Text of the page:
Updated Mar 10, 2018

Poll: People view millennials as "spoiled" and "lazy"

Photo: Logan Bowles, Justin Sullivan/Getty

Millennials are described, by others and themselves, as "spoiled," "lazy" and "entitled," according to an Axios/SurveyMonkey survey. They've put off moving out, getting married and having kids. But millennials also appear in many ways to be more financially responsible than prior generations — saving more, taking less paid time off, and worrying more about stability.

Why it matters: Millennials are the most diverse generation ever, and the largest proportion of the American workforce. But, as they gradually take over the pillars of the economy, they are splintering into two distinct groups that struggle to relate with one another, divided by education, age, personality and achievement.

Intra-generational split

Right at around the age of 30, according to Jason Dorsey, who studies millennials for the Center of Generational Kinetics, millennials tend to self-select into one of two groups, and are "no longer able to identify with the other group in their own generation."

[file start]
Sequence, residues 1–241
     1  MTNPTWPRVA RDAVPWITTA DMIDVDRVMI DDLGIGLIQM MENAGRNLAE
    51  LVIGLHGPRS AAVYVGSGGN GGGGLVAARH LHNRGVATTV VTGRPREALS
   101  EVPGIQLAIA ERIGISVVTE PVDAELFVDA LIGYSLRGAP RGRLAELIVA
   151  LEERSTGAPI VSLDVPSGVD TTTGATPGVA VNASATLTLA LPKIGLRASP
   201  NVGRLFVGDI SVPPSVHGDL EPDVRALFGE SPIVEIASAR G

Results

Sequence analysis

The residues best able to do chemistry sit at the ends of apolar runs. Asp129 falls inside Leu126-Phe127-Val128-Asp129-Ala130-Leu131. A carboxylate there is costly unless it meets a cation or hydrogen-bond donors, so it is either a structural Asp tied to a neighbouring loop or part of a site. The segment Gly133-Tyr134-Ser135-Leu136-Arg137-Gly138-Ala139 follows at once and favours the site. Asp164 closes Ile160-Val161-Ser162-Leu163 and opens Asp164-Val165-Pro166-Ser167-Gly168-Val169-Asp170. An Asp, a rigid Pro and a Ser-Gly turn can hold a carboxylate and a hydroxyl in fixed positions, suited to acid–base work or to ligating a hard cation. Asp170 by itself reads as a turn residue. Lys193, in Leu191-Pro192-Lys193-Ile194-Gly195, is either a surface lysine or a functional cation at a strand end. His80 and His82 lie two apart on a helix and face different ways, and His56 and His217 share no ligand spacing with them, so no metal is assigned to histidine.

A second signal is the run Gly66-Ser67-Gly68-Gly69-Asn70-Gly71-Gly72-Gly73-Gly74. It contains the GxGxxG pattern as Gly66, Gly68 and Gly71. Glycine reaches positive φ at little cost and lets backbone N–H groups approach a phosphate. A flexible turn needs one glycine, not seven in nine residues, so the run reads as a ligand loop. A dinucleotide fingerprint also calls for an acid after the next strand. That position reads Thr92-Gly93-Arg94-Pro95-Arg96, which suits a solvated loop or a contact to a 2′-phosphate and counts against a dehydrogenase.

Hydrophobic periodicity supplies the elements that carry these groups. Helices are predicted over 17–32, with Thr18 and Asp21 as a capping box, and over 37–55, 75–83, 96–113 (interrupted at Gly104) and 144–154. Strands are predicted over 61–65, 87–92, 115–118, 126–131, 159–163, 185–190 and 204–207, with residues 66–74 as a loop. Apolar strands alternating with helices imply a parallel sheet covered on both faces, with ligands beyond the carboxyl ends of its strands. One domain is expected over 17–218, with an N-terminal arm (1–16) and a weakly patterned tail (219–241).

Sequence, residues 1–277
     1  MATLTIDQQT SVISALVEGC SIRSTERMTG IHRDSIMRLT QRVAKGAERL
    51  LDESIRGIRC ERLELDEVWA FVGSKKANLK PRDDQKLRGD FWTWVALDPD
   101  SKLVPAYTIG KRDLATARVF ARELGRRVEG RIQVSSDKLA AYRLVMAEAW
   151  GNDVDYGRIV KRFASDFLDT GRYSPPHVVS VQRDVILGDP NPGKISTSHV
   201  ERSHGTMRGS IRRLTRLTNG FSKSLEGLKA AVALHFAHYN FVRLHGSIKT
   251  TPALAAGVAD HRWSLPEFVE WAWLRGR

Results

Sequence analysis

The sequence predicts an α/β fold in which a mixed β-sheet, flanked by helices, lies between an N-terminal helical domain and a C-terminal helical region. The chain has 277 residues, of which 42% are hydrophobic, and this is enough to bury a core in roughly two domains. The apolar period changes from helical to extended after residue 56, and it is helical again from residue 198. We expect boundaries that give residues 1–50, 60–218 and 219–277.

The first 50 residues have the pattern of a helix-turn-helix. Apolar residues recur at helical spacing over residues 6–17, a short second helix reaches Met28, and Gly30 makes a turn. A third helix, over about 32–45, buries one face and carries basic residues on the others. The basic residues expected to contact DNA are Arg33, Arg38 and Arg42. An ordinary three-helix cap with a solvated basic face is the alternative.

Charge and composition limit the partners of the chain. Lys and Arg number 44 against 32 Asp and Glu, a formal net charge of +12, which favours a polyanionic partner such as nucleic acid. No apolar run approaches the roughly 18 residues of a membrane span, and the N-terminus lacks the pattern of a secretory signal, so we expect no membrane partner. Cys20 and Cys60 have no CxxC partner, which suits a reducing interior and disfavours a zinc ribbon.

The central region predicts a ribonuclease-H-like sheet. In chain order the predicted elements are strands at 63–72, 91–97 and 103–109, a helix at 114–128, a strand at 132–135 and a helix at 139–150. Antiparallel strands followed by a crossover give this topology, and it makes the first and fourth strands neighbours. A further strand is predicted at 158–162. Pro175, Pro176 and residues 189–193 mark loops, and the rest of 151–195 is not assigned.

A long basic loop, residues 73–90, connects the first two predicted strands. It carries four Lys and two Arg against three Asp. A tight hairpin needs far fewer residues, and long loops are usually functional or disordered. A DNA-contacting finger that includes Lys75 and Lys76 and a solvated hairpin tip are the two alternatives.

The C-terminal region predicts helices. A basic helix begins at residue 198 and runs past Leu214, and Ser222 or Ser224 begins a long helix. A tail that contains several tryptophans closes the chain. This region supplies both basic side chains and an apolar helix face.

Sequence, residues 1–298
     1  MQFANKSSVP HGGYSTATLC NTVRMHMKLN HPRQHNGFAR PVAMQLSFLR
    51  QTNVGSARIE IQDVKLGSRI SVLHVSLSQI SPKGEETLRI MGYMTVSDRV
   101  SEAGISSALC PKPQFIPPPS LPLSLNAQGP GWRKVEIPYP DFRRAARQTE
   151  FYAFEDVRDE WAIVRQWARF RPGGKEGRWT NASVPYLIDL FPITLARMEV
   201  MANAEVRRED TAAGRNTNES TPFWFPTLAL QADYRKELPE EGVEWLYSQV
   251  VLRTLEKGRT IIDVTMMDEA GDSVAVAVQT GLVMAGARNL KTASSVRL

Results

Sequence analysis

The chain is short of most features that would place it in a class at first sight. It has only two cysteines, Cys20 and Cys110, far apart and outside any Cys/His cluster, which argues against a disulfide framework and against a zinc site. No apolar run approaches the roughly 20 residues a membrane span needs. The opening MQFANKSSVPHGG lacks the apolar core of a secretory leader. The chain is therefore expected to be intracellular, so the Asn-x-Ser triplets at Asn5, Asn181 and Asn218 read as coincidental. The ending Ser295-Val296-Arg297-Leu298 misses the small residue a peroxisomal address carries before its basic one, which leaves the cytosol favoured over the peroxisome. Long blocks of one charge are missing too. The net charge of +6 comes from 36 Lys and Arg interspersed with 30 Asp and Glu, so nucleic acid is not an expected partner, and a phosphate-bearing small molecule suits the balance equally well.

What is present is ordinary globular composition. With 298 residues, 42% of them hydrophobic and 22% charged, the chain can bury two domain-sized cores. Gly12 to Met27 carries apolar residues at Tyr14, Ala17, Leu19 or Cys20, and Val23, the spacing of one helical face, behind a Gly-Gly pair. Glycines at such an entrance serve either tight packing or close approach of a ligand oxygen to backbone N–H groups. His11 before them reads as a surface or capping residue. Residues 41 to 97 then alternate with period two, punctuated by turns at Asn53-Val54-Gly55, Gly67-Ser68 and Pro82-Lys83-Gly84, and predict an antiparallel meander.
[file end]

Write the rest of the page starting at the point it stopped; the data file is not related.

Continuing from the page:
• One is “increasingly self-reliant." These millennials are motivated and successful, and feel that they are progressing toward their goals.
  • The other struggles to advance through the traditional steps of adulthood, and feels that they're not making progress.
Maturity gap
  • Traditional adulthood:
    • In 2016, 56% of 34 year olds were married, according to Gallup, following a more traditional roadmap of getting married in your 20s or early 30s.
    • 47% of millennials have $15,000 or more in savings and 1 in 6 have $100,000, according to a Bank of America study. 81% of millennials are saving for retirement, more than any other generation, according to a Discover study released last month.
    • 54% of millennials said that if money wasn't a concern, they still would not quit their jobs in a Survey Monkey survey from last year — a slightly higher percentage than Gen Xers and baby boomers.
    • 69% of 18–34 year olds told Axios/Survey Monkey that they considered the amount of debt they had to be "manageable."